(Glen King) #4

Addressing the OP’s ending paragraph: that is samsung’s known modus operandi.
Samsung is a sales company.
Samsung is most assuredly NOT a service company.

Expecting Samsung to fulfill the promises of their marketing is an exercise in futility.
Expecting Samsung to make good on issues where there are obvious design flaws is a fool’s errand.

Were I to buy into the smart home thing right now, I would bypass Samsung.

Then again I have no doubt they are correct that most of their customers are doing no custom automations and do not have many devices.I know plenty of folks who have Echo devices, but none of them have so much as a door sensor. The only folks I know who have window sensors have them attached to commercial security provider systems.

Most folks won’t know what a real smart home is for a very long time.

That said: the reason for it is that smart home building is not very smart!

Think about, for example, Echo Speaks. Great great addition to our environment, and kudos to its creator for cobbling together all the components. But look at how difficult it is to install and maintain! It’s not for the faint-hearted.

Maybe smart home tech will only begin to take off when setting up such a system becomes far more ‘natural’ and easy for users.


(Josh Fink) #5

So, if not SmartThings then who is creating the platform that will allow growth and future sustainability while still allowing the customizations?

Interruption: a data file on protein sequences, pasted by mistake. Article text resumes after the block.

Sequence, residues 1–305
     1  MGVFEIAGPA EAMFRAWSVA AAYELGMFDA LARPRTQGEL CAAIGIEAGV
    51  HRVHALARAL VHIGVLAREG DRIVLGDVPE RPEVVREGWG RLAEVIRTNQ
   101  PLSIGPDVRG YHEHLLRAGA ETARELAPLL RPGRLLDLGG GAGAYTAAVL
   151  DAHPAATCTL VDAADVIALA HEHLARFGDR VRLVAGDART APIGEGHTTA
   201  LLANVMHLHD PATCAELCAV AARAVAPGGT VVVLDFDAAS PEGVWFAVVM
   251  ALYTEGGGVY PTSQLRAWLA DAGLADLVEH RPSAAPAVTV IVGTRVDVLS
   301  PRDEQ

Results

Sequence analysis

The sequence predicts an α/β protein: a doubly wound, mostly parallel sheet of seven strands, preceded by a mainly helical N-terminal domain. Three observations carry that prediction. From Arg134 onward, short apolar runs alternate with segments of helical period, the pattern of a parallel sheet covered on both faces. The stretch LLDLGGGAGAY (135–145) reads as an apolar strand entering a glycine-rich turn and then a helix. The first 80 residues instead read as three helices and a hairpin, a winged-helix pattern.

#6

There are several that could be considered in this market. The one with the most long-term stability is probably Homeseer. Robust, full featured, definitely not looking at other markets. Steep learning curve, though. And it costs more than many people with smartthings are willing to pay.

Hubitat Is the new kid on the block. Basically started with everything good about smartthings, including the groovy platform, made it all run locally, and added much better integration for Lutron And better developer options. But it’s a very small company just starting out, and essentially still in extended beta. The good news is that even if the company disappeared tomorrow, because it is not cloud-based, whatever you already had running should keep running. Quite a few people are running this in combination with smartthings, as each has some features that the other doesn’t and they do play well together. :sunglasses:

Then there are several open source options for full on programmers, including home assistant (HASS).

Open source home automation that puts local control and privacy first. Powered by a worldwide community of tinkerers and DIY enthusiasts. Perfect to run on a Raspberry Pi or a local server.

There are a couple of other options, but those are the ones that come to mind first for this particular market segment. :sunglasses:

But note that all of these assume that you are a tinkerer with some technical background. These are not plug and play systems, have not spent a lot of time developing phone apps, but do have thriving developer communities, and do p seem unlikely to move away from their developer base.


(Jimmy) #7

Do any of those platforms support Ring cams or Arlo cams? I think that’s where Samsung being a huge company has the advantage, working with other IoT companies that don’t have an open API.


#8

I don’t follow all the details, but Homeseer does have an IFTTT channel, and I know some people do Arlo and ring integration that way.


#9